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Everybody’s Fine, 2010 – Movie Review

Posted by LiveFor on February 17, 2010

Director: Kirk Jones
Starring: Robert De Niro, Drew Barrymore, Kate Beckinsale, Sam Rockwell

This review by Ashleigh Walmsley

Based on the 90’s Italian drama ‘Stanno tutti bene’, writer-director Kirk Jones brings ‘Everybody’s Fine’ to the big screen, showing that De Niro is undeniably back – and in my opinion, on top form.

The story follows Robert De Niro’s character Frank, a recently widowed pensioner who, unbeknownst to him, has become distant with his four children – three of which are played by Hollywood hot-shots Drew Barrymore, Kate Beckinsale and Sam Rockwell. To connect these broken bonds, Frank decides to travel across America – disregarding his illness – to surprise each of his grown children and hopefully bring them back for a classic family Christmas. To his surprise, Frank’s children aren’t as ‘perfect’ as he always had hoped and expected.

The story of a disconnected parent(s) has been done many times before, and sometimes arguably better, but nobody can disagree that Jones’ writing is without wit or heart. Following De Niro’s character around America – something in which Frank has never done, thus giving him a somewhat child-like sense of adventure, is both entertaining and touching. Jones successfully emphasises this vulnerable character due to the situations we find him in and, overall, the truths we uncover about his children and their mysterious lives. And of course, De Niro himself helps bring this character to life. His performance is nothing short of terrific. He truly makes Frank incredibly easy to relate to and to feel sympathy for, which, therefore, makes it much easier to enjoy the chemistry he has between his on-screen children – Drew Barrymore, mainly.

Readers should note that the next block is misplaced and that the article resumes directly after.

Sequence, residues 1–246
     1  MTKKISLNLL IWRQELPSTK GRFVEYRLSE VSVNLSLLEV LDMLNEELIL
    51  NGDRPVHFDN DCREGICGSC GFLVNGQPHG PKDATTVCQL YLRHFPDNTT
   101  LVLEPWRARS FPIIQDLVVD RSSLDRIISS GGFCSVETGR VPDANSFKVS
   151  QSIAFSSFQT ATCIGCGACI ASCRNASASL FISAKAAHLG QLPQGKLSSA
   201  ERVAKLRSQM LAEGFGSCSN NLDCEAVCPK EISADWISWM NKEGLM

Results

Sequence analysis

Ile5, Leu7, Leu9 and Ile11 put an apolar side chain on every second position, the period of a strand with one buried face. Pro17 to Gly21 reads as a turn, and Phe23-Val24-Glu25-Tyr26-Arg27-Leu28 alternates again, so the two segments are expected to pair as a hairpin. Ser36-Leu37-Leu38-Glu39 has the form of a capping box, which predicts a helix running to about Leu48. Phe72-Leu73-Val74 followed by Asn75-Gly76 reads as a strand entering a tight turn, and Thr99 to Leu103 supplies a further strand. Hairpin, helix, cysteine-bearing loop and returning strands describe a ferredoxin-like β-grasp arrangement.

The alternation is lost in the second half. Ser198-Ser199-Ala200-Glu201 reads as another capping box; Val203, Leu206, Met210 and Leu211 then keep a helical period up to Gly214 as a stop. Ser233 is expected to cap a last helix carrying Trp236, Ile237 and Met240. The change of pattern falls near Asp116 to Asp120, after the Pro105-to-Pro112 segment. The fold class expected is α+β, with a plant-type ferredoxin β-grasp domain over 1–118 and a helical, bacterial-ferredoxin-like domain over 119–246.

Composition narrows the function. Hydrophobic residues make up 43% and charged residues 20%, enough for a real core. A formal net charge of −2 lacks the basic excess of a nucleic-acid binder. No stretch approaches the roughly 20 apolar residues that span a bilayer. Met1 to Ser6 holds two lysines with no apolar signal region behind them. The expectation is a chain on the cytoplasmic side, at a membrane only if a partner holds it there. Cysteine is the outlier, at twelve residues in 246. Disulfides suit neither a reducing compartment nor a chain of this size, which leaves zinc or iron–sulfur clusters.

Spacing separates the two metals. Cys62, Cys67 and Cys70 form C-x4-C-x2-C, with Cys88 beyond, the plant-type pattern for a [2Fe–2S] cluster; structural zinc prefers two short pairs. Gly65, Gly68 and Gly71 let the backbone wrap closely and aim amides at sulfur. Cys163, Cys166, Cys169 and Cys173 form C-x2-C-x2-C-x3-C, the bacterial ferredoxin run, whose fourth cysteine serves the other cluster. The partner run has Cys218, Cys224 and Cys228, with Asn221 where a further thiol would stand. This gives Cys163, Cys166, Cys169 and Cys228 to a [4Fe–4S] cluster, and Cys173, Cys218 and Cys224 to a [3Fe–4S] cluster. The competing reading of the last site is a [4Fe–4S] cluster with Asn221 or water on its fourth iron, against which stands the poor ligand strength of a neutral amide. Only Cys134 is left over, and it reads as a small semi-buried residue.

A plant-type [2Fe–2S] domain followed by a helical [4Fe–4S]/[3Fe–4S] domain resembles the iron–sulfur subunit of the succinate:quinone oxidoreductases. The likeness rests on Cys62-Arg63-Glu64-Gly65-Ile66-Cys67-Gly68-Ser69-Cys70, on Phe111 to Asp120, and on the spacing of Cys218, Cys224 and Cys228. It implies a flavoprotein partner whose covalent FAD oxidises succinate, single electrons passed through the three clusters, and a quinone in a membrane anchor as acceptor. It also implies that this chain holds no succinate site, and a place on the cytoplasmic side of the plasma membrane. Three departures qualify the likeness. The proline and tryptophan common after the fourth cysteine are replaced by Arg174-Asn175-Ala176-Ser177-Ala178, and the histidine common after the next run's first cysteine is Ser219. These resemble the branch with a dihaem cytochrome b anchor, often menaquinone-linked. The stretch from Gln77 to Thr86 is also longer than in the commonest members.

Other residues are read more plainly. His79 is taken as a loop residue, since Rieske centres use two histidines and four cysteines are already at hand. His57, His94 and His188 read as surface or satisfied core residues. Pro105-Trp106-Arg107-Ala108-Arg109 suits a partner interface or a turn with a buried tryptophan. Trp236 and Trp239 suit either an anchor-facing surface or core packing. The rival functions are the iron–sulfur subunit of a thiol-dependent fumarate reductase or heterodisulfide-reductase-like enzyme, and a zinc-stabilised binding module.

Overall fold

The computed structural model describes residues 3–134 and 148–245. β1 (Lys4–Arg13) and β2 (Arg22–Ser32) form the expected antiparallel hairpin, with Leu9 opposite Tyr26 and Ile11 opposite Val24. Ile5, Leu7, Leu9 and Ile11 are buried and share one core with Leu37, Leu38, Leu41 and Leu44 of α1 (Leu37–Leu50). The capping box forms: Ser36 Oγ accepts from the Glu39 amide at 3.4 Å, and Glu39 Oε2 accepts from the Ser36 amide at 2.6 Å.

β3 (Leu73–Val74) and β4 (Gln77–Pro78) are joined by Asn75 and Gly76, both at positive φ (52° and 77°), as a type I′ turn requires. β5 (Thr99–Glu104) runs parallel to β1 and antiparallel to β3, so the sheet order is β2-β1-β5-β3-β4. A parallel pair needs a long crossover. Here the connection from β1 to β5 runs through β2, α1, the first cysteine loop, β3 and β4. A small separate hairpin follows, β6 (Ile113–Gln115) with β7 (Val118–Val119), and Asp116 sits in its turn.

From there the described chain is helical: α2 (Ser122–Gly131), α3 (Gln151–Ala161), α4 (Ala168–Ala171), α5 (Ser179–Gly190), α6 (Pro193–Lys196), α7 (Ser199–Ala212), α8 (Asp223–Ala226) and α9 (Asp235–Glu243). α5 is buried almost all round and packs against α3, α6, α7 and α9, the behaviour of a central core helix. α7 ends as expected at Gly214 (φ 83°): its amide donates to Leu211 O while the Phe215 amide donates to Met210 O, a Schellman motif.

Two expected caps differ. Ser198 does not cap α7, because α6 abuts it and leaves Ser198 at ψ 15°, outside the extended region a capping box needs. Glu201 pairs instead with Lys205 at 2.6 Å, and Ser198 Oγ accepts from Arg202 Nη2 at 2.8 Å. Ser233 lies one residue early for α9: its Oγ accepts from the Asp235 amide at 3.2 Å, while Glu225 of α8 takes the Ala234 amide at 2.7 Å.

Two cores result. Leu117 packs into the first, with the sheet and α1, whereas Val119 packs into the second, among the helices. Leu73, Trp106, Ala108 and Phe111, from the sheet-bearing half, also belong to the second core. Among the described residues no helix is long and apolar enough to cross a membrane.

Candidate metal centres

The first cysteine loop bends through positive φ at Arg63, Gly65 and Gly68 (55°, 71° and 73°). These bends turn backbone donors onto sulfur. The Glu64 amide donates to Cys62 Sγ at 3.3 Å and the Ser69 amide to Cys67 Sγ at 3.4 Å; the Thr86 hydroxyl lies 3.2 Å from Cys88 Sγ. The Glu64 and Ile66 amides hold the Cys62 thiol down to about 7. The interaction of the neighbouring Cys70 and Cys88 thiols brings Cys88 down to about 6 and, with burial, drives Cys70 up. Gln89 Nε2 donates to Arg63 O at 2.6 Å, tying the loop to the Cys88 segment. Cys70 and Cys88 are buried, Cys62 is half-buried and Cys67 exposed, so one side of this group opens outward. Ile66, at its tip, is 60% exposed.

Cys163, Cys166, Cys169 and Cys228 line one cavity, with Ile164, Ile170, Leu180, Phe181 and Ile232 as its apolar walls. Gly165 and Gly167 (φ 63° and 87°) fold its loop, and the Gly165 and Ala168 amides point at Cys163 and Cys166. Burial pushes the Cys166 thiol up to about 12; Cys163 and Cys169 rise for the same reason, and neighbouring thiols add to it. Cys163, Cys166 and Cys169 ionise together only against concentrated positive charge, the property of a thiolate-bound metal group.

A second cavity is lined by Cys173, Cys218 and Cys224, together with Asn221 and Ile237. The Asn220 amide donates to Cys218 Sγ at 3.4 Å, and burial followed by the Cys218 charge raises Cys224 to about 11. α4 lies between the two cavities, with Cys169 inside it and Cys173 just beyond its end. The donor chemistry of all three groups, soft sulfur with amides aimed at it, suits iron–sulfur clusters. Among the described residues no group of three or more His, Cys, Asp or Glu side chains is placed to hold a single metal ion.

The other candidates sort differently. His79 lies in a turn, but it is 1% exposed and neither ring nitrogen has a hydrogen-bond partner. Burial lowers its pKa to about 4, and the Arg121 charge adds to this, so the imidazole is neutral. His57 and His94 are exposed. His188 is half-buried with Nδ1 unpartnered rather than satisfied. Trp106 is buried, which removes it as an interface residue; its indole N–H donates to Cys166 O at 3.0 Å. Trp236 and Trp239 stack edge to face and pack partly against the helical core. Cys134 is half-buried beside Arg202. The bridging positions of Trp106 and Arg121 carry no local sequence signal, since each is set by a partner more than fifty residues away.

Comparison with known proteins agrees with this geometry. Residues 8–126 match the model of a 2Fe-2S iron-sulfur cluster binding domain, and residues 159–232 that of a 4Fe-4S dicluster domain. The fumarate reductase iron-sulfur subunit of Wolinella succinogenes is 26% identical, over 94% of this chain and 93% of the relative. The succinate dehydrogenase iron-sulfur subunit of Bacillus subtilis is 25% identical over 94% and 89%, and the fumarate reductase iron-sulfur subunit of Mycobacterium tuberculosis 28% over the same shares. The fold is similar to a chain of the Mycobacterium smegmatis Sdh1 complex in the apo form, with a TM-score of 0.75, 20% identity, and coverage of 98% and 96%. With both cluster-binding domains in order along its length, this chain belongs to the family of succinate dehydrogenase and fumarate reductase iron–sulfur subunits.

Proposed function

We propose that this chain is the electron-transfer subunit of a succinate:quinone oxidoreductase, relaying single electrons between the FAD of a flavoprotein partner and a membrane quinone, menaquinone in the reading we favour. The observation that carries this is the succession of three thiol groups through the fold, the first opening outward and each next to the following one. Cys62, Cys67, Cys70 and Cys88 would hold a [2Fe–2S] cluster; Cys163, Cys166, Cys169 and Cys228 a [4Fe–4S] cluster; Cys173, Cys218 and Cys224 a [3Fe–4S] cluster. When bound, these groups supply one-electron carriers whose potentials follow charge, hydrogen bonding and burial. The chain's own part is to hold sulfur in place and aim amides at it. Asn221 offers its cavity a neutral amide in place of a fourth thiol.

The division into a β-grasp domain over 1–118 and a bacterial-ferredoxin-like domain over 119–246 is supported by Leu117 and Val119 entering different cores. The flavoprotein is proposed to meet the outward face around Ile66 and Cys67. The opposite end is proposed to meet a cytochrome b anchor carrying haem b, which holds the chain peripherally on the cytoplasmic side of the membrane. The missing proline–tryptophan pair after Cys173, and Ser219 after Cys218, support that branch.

Although their appearances are short, and have little script to work with, Barrymore, Beckinsale and Rockwell all bring something to their characters. A certain charisma which makes each one as likable as the next, which fits perfectly with De Niro. You could argue that Jones didn’t expand the relationship enough between Frank and his children, but the feeling of disconnection had to be felt even with the audience.
Although ‘Everybody’s Fine’ is written with care and passion, I can’t help but feel cheated with it’s predictably melodramatic finale. Too many films of it’s kind have ended leaving you feeling nostalgic and overly depressed. However, it did stay with me long after the credits began to roll.

In conclusion, ‘Everybody’s Fine’ left me pleasantly surprised. It’s definitely not perfect – the dream sequence towards to end of the feature became tedious instantly -, but Jones has written something so beautifully told and superbly acted that it’s hard not to like. Some may call it cliché and overly sensitive, I call it a touching and powerful dram-edy. Made completely worthwhile by the genuine performances and surprisingly stunning cinematography, ‘Everybody’s Fine’ is a film I can definitely recommend.

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